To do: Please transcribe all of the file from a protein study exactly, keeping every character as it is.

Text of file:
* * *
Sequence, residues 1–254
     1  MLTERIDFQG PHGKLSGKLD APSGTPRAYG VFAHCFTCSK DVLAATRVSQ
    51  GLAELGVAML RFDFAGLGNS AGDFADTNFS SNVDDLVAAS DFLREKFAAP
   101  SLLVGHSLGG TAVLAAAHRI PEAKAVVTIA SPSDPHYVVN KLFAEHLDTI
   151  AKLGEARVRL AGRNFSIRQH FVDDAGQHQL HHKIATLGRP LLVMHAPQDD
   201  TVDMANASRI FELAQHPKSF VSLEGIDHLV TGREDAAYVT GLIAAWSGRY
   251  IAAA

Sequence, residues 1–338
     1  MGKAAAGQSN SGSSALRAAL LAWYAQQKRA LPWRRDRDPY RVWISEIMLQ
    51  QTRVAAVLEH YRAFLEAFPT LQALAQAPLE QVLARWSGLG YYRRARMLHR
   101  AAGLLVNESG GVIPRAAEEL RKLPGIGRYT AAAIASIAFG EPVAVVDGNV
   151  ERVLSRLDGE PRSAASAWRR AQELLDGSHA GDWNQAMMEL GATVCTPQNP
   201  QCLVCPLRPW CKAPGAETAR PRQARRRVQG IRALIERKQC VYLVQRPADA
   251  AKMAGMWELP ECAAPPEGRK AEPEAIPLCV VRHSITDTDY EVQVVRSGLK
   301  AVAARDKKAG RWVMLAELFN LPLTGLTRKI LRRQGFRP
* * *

Sequence, residues 1–254
     1  MLTERIDFQG PHGKLSGKLD APSGTPRAYG VFAHCFTCSK DVLAATRVSQ
    51  GLAELGVAML RFDFAGLGNS AGDFADTNFS SNVDDLVAAS DFLREKFAAP
   101  SLLVGHSLGG TAVLAAAHRI PEAKAVVTIA SPSDPHYVVN KLFAEHLDTI
   151  AKLGEARVRL AGRNFSIRQH FVDDAGQHQL HHKIATLGRP LLVMHAPQDD
   201  TVDMANASRI FELAQHPKSF VSLEGIDHLV TGREDAAYVT GLIAAWSGRY
   251  IAAA

Sequence, residues 1–338
     1  MGKAAAGQSN SGSSALRAAL LAWYAQQKRA LPWRRDRDPY RVWISEIMLQ
    51  QTRVAAVLEH YRAFLEAFPT LQALAQAPLE QVLARWSGLG YYRRARMLHR
   101  AAGLLVNESG GVIPRAAEEL RKLPGIGRYT AAAIASIAFG EPVAVVDGNV
   151  ERVLSRLDGE PRSAASAWRR AQELLDGSHA GDWNQAMMEL GATVCTPQNP
   201  QCLVCPLRPW CKAPGAETAR PRQARRRVQG IRALIERKQC VYLVQRPADA
   251  AKMAGMWELP ECAAPPEGRK AEPEAIPLCV VRHSITDTDY EVQVVRSGLK
   301  AVAARDKKAG RWVMLAELFN LPLTGLTRKI LRRQGFRP